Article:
The types of films made at Ealing during the war are naturally dominated by war films, Balcon felt an obligation to make the film industry work for the national good. So in films such as The Big Blockade, San Demetrio, London and For Those in Peril, the effort and example of the forces and civilians alike are presented to boost morale. At the same time films of a more entertaining nature were produced but which still managed to take swipes at the enemy - The Ghost of St Michael's, Fiddlers Three. From the beginning of 1945 when the end of the war was in sight the main objective of the British Film Industry was to get back into the global marketplace and from Dead of Night onwards there is a widening of themes portrayed. Paramount in Balcon's mind was the need to portray "a projection of the true Briton to the rest of the world" (Balcon, 1945), not only to foreign markets but also to a war weary public at home who had won the war but were still in the grip of rationing and austerity. The message was simple - the public may not be benefiting materially from victory, but morally and spiritually they could not be beaten. They were allowed and always had been allowed their eccentricities, their rights to free speech etc etc which the Germans had tried to take away, and Balcon's films - especially the comedies emphasized this and implied that this was what made Britain great.

Balcon and others in the industry were also aware that cinema audiences were much more sophisticated than in the 1930s, they no longer wanted to be presented with a set of ideas or ideals which they should aspire to. Instead they needed films that provoked thought and discussion, that questioned the staus quo. For example Passport to Pimlico and Dance Hall. Post-war films generally tended to be less class conscious, less middle class, they presented ordinary people getting on with their lives rather than moneyed professionals with large cars and larger wardrobes. Alongside the more realist film school was the escapist film - usually a costume piece, to which audiences flocked despite the critics dismissing them as inconsequential. The public wanted to escape the mundane everyday life of post-war Britain, where the queues were as long as in 1943, there were fuel shortages in winter and the Empire was quickly disintegrating. Ealing made it's fair shair of costume dramas starting with Pink String and Sealing Wax, then Nicholas Nickleby and The Loves of Joanna Godden. It's final costume drama Saraband for Dead Lovers was also it's first Technicolor film but was a box-office disaster.

In 1947 The Cinema notes Balcon's special attention towards film music. "John Ireland turned to film music-writing for the first time when he composed the score for The Overlanders. Georges Auric has written music for Hue and Cry, Lord Berners the music for Nicholas Nickleby and Vaughan Williams for The Loves of Joanna Godden.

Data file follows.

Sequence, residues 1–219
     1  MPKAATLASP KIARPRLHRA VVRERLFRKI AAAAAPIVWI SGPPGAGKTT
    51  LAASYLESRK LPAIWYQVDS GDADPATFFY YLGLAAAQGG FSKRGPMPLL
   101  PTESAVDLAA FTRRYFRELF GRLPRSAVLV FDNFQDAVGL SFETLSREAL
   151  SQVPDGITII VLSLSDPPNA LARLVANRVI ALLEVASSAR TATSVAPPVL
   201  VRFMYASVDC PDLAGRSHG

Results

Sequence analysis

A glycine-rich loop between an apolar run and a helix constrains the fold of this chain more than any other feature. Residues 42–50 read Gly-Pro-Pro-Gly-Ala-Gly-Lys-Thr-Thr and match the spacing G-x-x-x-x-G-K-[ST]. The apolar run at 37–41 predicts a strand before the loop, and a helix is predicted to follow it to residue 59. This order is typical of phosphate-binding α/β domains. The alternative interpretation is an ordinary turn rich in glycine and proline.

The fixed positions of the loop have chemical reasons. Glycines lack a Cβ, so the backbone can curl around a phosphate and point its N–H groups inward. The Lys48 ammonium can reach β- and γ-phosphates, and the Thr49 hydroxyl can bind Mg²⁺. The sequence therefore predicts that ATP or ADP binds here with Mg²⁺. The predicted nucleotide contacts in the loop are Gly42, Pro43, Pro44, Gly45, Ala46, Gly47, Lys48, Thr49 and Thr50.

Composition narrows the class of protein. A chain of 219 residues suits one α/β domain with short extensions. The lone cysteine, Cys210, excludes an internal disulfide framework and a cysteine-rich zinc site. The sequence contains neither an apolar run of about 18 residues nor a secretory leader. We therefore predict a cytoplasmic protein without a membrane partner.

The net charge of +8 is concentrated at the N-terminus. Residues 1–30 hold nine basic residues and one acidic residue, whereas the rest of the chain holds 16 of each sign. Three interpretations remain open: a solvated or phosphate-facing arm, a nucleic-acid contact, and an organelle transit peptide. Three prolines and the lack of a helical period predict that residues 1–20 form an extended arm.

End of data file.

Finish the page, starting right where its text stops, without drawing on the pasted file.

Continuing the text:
It Always Rains on Sunday and Frieda are in the top 10 favourite films of 1947 as voted in the Daily Mail Film Awards. As are actresses Mai Zetterling and Googie Withers and actors David Farrar and John McCallum. 1947 also saw the first of the now classic Ealing comedies - Hue and Cry.

In 1948 the Third Royal Command Film Performance was Scott of the Antarctic a truthful and acclaimed account of Scott's 1912 expedition to the South Pole

In the Picture Show Annual of 1952 Edith Mepean their long-standing reporter on the British Studios said "The Ealing Studios appear to have decided on a policy of human and unusual films, many dealing with the fascinating theme of London life..... Ealing Studios have no contract stars yet they have discovered and made many stars". She also emphasized the importance of editing at Ealing. Many editors and directors interchanged between the two disciplines.

In 1955 the BBC bought the studios and Balcon cut a deal with MGM to continue making Ealing films at their studios in Borehamwood..
"There we shall go on making dramas with a documentary background and comedies about ordinary people with the stray eccentric amongst them - films about daydreamers, mild anarchists, little men who long to kick the boss in the teeth." (Balcon, 1956) However, in 1957 Ealing closed production. It had been struggling for a few years, from about 1954 there were more mediocre films than good films. Television was taking it's toll on the whole industry, new techniques and European styles were making the Eaing product look old-fashioned. Later movies of note are The Ladykillers and The Long Arm

In 1995 the studios were purchased by the National Film & Television School (NFTS)

Ealing Filmography